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Outsiders’ use of Roundhouse chambers debated

Copyright © 2018 Albuquerque Journal

SANTA FE – For years, New Mexico lawmakers have allowed outside groups – case by case – to use the state House and Senate chambers when the Legislature is not in session.

But that policy could come under review in the coming months, as House Speaker Brian Egolf, a Santa Fe Democrat, recently questioned whether outside use of the Roundhouse chambers should be allowed at all.

Specifically, he said, other legislators have raised the hypothetical situation of white supremacist or other hate groups requesting use of the legislative chambers, which could put lawmakers in a tricky position.

“If we are creating this forum … you may have to let a group like that come in,” Egolf told the Journal in a recent interview.

He said he hasn’t talked more to other lawmakers about the issue since it first came up during an April meeting of the Legislative Council, a bipartisan group of top-ranking lawmakers, but intends to pursue the discussion.

New Mexico’s House and Senate chambers are used by lawmakers only when the Legislature is in session – 30-day sessions in even-numbered years, 60-day sessions in odd-numbered years and occasional special sessions called by the governor.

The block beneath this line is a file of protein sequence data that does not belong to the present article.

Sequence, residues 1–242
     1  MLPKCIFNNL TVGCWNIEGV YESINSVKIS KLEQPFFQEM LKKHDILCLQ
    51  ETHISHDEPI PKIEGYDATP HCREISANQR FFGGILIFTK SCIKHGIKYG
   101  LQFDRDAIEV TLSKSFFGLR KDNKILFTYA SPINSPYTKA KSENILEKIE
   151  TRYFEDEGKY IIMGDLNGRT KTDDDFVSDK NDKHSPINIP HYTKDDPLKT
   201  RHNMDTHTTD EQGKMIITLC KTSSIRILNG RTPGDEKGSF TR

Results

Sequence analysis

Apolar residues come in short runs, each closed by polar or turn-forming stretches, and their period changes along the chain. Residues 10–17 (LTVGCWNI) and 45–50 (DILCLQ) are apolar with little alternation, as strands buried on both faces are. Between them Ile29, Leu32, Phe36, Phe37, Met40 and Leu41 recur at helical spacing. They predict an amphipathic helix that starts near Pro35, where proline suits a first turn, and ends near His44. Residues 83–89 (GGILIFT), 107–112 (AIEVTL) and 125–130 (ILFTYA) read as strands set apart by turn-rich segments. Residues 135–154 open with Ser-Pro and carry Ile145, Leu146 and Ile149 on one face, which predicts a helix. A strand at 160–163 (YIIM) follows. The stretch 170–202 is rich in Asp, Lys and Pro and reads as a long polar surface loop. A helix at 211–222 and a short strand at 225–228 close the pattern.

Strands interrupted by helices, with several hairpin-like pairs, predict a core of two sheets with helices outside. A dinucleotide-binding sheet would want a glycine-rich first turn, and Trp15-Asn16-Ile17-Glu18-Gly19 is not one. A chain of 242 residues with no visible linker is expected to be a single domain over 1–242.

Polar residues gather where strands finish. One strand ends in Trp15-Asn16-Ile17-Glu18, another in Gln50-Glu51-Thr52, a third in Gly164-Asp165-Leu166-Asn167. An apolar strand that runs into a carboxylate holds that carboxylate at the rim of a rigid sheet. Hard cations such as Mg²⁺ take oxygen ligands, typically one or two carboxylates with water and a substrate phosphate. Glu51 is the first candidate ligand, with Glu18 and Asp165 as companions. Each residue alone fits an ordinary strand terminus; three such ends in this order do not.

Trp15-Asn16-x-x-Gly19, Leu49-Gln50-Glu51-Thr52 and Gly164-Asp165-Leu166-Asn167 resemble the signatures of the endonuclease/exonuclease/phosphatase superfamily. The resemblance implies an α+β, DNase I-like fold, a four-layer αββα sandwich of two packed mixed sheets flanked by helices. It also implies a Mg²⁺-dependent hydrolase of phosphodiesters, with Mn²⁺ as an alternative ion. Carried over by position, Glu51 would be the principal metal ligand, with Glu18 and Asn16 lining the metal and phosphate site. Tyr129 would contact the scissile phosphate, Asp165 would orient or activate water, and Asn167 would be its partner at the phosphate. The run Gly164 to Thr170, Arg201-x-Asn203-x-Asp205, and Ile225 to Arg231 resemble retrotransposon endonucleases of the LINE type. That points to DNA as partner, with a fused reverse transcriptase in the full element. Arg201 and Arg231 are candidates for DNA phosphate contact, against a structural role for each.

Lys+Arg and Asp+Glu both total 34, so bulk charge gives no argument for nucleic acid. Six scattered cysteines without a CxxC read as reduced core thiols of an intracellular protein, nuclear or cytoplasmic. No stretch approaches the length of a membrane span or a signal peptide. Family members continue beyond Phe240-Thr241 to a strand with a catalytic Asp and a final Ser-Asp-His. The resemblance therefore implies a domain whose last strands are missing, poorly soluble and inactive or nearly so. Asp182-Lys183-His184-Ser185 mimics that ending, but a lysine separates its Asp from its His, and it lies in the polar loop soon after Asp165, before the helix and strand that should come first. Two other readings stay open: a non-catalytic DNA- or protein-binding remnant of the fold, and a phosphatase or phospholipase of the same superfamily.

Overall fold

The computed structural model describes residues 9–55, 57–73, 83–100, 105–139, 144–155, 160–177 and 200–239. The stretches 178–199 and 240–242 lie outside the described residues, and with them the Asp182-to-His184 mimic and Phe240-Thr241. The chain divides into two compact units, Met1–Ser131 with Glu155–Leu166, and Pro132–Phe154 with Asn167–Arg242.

For the rest of the year, the chambers generally sit empty.

Under a revised policy top New Mexico legislators approved in 2012, the legislative chambers can be used by outside groups for educational events, provided they request and obtain permission. The policy generally prohibits all commercial and political events from taking place in the Senate or House chambers unless specific approval is granted by the Legislative Council.

In recent years, permission has typically been granted annually to high school students to use the House and Senate chambers for events such as Model United Nations.

In addition, the Legislative Council has in the past voted to allow a request from Emerge New Mexico, an organization that aims to help Democratic women win election to public office, to hold a training event in the Senate chambers.

More recently, top lawmakers voted in April to allow the University of New Mexico College Republicans to use the chambers for a convention, though top legislative branch officials said it doesn’t appear the group ever held the event.

The idea of restricting outside access to the legislative chambers has not been embraced by all, as Sen. Cisco McSorley, D-Albuquerque, indicated he would be staunchly opposed to the idea.

“This is the very definition of a public square,” McSorley said. “We ought not to be in the business of deciding who can advocate their right to free speech in this building.”

No fee is usually imposed for use of the legislative chambers, though it can be if use is authorized outside normal hours or if additional legislative staffers have to be on duty.

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